Yeti Presents: Kamchatka Steelhead Project is a film from Felt Soul Media and Yeti Coolers about what happens when you enlist fly-fishermen to help on a scientific quest to study and preserve one of the world's last great steelhead populations. As Grayson Schaffer reported in the August Issue of Outside, the Kamchatka Steelhead Project is a U.S.-Russia partnership that monitors the steelhead population through catch and release fishing, and over its lifetime has produced an incredible body of research on the fish in their native habitat. Watch to get a sense of why the area and the fish are so special, and worth saving. View the Film
On July 15, the U.S. House Committee on Natural Resources passed a bill, H.R. 3650 that would allow the disposal of 2 million acres of Forest Service land per state. This is an area larger than the Gallatin National Forest in Montana. More than all National Forest lands in Wisconsin. Greater than the National Forests of Vermont, New Hampshire, Maine, New York and Pennsylvania combined. This is twice the size of California's Six Rivers National Forest.
Two million acres of your National Forests per state – gone.
Certain lands, such as Congressionally designated Wilderness Areas, would be excluded, but the majority of America's public lands managed by the Forest Service would be eligible for liquidation.
And what would happen to these lands? They would go to individual states to be managed primarily for timber production without any consideration given to the 320 million Americans who currently own a stake in them. That is, if the lands aren't sold to private interests, like what is happening right now with the Elliot State Forest in Oregon.
The abundant Cold-water springs of the Shasta Region are vital to California's water supply but they remain poorly understood and unprotected.
As snow and rain fall on the slopes of Mt. Shasta, Mt. Lassen and the other peaks of the southern Cascades, this precipitation eventually seeps through the surface and enters a vast network of aquifers that represents one of the most important sources of fresh water in California. The abundant source of cold water rises continuously and insistently to the surface in numerous springs throughout the area contributing large volumes of water to the rivers that flow into the Shasta and Almanor reservoirs.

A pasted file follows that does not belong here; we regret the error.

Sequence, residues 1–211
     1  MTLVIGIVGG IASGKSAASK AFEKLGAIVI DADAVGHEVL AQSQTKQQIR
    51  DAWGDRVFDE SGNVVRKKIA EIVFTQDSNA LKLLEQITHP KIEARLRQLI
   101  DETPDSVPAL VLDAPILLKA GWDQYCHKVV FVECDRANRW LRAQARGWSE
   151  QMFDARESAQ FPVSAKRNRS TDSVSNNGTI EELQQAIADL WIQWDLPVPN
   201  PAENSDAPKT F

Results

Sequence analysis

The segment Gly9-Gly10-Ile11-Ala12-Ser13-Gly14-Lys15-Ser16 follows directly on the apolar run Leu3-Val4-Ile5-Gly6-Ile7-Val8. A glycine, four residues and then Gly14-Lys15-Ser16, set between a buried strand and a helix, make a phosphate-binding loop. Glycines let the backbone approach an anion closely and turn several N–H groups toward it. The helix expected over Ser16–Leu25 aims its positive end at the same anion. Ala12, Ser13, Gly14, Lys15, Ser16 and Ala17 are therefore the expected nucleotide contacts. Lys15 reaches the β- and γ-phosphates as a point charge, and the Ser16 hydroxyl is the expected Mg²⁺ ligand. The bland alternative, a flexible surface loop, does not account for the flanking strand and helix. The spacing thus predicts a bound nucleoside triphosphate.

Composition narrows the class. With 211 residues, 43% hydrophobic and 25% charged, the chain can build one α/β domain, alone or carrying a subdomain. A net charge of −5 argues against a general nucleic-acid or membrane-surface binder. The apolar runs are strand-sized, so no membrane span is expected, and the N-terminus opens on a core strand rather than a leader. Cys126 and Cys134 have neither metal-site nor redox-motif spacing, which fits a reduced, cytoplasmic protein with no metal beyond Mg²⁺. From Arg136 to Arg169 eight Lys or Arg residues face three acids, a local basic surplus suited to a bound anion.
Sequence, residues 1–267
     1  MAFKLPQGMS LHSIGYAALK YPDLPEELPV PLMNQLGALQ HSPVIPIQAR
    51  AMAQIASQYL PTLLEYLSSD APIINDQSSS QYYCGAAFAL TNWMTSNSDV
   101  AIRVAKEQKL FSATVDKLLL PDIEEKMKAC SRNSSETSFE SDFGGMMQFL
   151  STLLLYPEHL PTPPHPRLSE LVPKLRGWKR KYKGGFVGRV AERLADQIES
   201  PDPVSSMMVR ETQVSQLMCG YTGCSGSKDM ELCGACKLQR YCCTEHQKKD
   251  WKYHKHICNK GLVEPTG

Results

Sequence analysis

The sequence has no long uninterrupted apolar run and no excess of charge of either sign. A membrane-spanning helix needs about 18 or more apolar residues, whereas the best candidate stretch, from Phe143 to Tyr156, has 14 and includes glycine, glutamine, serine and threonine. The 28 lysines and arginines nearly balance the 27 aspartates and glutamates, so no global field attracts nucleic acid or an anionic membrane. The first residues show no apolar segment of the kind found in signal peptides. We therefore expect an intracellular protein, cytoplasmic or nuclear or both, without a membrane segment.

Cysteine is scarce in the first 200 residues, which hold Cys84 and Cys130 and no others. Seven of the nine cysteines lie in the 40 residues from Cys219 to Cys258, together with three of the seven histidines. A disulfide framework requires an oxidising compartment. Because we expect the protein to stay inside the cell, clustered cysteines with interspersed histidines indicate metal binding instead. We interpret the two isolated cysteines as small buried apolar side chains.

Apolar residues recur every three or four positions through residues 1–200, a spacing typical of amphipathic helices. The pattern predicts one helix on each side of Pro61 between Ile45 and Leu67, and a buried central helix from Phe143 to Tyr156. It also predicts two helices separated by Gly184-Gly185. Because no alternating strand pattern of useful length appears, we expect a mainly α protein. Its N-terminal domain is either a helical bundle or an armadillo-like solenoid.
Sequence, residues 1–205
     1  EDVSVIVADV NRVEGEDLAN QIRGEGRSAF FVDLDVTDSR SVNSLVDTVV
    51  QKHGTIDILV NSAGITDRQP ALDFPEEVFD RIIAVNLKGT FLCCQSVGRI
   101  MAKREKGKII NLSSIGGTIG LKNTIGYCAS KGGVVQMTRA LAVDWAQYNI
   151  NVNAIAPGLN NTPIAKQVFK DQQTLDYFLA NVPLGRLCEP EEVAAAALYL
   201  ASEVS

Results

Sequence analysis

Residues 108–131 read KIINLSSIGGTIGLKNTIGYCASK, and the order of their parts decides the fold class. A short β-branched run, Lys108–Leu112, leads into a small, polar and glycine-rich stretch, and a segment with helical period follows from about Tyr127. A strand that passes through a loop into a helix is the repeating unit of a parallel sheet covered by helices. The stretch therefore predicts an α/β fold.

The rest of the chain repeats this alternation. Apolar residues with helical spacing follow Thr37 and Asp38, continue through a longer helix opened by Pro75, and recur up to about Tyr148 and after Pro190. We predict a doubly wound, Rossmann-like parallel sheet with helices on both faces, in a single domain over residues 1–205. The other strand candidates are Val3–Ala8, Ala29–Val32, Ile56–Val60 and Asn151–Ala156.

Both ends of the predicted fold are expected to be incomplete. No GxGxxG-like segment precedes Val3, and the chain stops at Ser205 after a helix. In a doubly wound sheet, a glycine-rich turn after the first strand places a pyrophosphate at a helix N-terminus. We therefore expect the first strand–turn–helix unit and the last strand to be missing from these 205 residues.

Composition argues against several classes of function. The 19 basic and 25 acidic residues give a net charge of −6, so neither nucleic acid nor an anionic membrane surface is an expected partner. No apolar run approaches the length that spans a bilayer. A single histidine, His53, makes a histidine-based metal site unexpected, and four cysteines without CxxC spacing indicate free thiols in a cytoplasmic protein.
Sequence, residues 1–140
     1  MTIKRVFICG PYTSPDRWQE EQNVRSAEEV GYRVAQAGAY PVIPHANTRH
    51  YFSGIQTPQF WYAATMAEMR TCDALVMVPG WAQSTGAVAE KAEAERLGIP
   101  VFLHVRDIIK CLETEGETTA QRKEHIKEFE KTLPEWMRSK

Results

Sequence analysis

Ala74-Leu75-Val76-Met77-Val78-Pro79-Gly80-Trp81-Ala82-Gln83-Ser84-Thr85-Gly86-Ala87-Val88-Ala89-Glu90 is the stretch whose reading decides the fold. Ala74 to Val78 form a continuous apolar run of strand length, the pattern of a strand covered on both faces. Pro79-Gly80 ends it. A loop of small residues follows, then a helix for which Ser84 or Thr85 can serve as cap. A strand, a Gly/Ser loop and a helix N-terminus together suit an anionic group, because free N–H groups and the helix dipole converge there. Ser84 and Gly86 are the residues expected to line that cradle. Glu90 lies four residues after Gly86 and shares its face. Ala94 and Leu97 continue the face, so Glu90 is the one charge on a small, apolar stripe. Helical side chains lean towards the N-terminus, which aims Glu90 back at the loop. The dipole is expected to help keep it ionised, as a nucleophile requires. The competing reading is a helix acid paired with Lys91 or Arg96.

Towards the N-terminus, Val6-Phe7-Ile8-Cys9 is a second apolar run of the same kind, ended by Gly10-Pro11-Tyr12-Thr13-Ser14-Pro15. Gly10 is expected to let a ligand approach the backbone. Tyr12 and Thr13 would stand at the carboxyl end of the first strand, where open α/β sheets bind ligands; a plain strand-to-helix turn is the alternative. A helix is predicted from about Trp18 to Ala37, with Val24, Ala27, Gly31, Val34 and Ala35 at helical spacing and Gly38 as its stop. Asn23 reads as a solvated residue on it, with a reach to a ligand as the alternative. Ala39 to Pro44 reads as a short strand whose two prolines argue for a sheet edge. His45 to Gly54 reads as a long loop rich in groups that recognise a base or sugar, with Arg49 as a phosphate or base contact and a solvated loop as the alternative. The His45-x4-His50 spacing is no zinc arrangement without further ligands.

On average the total discharge from the area's springs flows at 3000 cubic feet per second and contributes nearly 700 billion gallons annually to Shasta Reservoir. The water contributes about 20% of the summertime flow of the lower Sacramento River.
Heenan Lake contains a fish population of a federally listed threatened trout species, the Lahontan cutthroat trout (CT-L). Heenan Lake provides an important brood stock source of CT-L used in many waters throughout the State of California for the California Department of Fish and Game (Department) hatchery system. Heenan Lake is a California Fish and Game Commission designated wild trout (1983) and heritage trout (1999) water, and provides an important sport fishery for anglers from throughout
the western United States.
Our El Dorado Chapter is planning a fishing outing in September or October. Heenan is only open for fishing on Friday Saturday and Sunday in September and October. The Wild Trout personnel have prepared a management plan for Heenan which explains the use of Heenan and indicates propagation process for the Lahonton Cutthroat. See the Management Plan
After 15 years of operation, a youth fly fishing camp called Rivercourse, held annually in the heart of North Carolina’s mountains, continues to inspire 13- to 15-year olds to pick up a fly rod, and explore the natural world around them.
The camp itself is a four-day event organized by North Carolina’s Trout Unlimited, where instructors stress the concepts of conservation and resource stewardship, as much as they do fly fishing techniques.
“The objective of the camp is not to make fly fishermen,” 75-year old founder Bob Doubert said. “The objective of the camp is to help kids appreciate cold mountain streams and hopefully in the future they’ll work to protect them.” Read the Full Article
In 2006, the Pajaro River on California’s central coast came out of obscurity to make national headlines—for the wrong reason: it was named the most endangered river in America.
A new video from Trout Unlimited shows that, despite the river’s many challenges, the potential for successful habitat restoration in the Pajaro is strong. That’s because in 2009 TU, CHEER, and the Center for Ecosystem Management and Restoration (CEMAR) teamed up to “think big and start small” in restoring steelhead habitat in the Pajaro.
The California Division of Fish and Wildlife has recognized the benefits of Beaver in the waters of California. Beaver dams create habitat for many other animals and plants of California. Deer and elk frequent beaver ponds to forage on shrubby plants that grow where beavers cut down trees. Weasels, raccoons, and herons hunt frogs and other prey along the marshy edges of beaver ponds. Sensitive species such as red-legged, yellow-legged and Cascade frogs all benefit from habitat created by beaver wetlands. In coastal rivers and streams, young coho salmon and steelhead may use beaver ponds to find food and protection from high flows and predators while waiting to grow big enough to go out to sea.
Beaver activities can cause problems, but before beginning a beaver control action, assess the problem and match the most appropriate and cost-effective controls to the situation. There are two basic control methods used in California: prevention and lethal control. It is almost impossible as well as cost prohibitive to exclude beavers from ponds, lakes, or impoundments.